Around 2006, discussions began here on a new GLIMS framework based on the experience of previous years and to address shortcomings of the previous incarnations. Designs began in the summer of 2007 with prototypes of the new system in full swing by the end of 2007.
Until that time, most GLIMS silo-ed each genetic discipline into their own modules, and per site customisation was either not possible, or it lead to different code bases for each customer. The new system’s test-based approach, coupled with the ability to allow site customization from a single code base reduced the pain of upgrades and was a new and novel approach.
What we now know as iGene began life in May 2008 and was first deployed live to a site in April 2010. iGene has been in active development over the last eleven years by the same team of developers that began it, although our team has expanded since then.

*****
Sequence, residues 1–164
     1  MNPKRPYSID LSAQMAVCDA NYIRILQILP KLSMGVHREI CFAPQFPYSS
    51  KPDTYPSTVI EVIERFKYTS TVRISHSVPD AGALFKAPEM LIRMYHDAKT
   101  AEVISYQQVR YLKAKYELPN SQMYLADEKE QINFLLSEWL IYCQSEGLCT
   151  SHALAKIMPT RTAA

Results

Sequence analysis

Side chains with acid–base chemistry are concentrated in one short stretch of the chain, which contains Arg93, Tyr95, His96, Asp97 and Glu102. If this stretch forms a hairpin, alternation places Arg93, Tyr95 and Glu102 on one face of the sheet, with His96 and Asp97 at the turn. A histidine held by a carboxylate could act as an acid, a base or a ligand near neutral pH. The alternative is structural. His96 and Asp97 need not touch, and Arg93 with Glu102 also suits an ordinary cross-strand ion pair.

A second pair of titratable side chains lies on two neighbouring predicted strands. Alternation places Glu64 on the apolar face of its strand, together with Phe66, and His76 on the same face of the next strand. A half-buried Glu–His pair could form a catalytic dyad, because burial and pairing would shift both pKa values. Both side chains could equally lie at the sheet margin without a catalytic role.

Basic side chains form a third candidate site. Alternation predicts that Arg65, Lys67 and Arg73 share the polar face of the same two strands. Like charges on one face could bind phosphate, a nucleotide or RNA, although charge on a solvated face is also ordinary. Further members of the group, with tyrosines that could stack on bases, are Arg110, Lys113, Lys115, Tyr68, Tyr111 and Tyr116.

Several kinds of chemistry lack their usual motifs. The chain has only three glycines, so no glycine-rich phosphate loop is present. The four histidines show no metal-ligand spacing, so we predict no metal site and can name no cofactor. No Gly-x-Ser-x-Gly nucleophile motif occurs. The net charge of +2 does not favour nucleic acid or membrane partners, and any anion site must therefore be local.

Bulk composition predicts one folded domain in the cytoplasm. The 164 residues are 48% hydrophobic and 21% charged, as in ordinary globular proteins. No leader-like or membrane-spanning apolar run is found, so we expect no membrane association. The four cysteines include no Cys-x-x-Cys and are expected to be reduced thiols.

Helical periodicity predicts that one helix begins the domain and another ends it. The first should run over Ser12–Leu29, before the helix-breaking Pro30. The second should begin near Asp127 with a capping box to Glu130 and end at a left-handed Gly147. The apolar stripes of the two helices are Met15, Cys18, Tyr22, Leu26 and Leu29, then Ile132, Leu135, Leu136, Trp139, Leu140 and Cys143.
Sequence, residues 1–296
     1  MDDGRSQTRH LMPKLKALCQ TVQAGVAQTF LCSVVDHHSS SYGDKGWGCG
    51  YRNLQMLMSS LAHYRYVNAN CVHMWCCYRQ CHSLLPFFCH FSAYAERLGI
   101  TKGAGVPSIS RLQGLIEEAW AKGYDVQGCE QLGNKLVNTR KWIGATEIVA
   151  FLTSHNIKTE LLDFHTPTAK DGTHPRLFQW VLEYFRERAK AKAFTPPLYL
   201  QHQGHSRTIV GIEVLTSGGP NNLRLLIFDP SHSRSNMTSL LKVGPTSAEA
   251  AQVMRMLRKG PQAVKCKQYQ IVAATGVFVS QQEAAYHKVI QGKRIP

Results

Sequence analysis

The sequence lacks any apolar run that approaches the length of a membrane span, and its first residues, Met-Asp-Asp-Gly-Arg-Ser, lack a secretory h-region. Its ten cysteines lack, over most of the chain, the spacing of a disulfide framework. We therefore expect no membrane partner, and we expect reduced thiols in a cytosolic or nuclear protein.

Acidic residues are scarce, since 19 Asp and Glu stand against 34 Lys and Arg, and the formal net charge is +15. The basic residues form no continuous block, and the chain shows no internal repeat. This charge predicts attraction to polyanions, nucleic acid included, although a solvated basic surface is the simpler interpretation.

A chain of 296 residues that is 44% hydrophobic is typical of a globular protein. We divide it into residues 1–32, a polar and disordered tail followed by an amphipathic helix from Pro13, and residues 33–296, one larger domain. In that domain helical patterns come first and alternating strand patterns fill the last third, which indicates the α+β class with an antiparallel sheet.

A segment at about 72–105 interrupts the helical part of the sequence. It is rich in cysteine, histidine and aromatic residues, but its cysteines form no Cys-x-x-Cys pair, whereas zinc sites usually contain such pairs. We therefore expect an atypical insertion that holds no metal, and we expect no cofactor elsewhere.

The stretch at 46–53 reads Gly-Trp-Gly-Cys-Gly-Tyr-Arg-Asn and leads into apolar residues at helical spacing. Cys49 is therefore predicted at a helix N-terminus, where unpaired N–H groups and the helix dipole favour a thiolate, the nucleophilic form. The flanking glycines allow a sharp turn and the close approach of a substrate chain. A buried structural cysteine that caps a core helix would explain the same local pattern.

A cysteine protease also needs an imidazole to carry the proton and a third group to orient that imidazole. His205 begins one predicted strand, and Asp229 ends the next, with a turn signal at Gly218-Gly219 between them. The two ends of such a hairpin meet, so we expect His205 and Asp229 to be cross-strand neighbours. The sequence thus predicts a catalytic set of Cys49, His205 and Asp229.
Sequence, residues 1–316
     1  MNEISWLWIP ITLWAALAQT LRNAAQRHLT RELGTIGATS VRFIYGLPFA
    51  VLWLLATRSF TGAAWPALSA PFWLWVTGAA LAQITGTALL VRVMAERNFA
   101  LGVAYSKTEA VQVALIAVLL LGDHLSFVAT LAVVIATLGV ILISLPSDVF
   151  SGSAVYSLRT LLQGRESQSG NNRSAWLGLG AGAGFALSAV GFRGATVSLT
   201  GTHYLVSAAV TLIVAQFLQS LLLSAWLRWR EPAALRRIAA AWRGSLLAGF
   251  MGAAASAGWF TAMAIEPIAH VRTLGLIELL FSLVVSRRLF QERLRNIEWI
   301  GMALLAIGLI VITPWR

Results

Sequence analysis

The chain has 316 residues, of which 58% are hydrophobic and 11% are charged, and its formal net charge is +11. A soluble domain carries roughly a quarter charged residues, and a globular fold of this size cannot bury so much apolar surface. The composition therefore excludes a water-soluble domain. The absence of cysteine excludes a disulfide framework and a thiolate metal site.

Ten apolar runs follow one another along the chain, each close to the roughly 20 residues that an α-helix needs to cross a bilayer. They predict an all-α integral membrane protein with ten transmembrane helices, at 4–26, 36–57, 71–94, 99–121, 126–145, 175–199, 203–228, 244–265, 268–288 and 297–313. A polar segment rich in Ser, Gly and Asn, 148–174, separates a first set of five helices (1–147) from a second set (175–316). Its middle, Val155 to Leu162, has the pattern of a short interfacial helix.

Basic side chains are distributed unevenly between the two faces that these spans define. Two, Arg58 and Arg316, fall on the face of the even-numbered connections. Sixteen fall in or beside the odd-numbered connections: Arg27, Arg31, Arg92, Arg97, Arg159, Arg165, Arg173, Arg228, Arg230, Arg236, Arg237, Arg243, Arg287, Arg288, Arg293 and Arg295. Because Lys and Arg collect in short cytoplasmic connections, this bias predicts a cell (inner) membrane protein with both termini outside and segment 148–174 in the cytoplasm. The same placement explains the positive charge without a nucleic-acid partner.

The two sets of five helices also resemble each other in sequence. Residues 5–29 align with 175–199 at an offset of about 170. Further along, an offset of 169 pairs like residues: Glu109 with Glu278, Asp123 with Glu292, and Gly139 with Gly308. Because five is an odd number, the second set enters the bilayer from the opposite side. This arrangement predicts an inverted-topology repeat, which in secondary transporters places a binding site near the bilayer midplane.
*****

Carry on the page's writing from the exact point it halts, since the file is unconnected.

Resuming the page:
Over the last decade a lot has happened….changes in build systems, source code repositories, IDE’s and core library changes and a massive growth in required (and delivered!) functionality.
Like most large projects that survive the passage of time, iGene has picked up an amount of Technical Debt. Technical Debt – for those who are unfamiliar with the term – simply means areas that ideally require work but that have not yet been addressed.
The series of blog posts that follow, we’ll be documenting the latest journey as we work to modernise our underlying framework and prepare ourselves for the next decade to come.
Below are the next few planned posts:
September 3, 2013
This is the final part of the 3 articles discussing the use of the pedigree drawing tool. Previously, we have covered the creation of a basic diagram using the application and then added different relationships to display a complete family diagram.
With this final article, we are going to cover adding further details to the diagram such as genetic test results and personal details to individuals. Finally, we will complete this with a full video demonstration on creating a pedigree diagram using the application.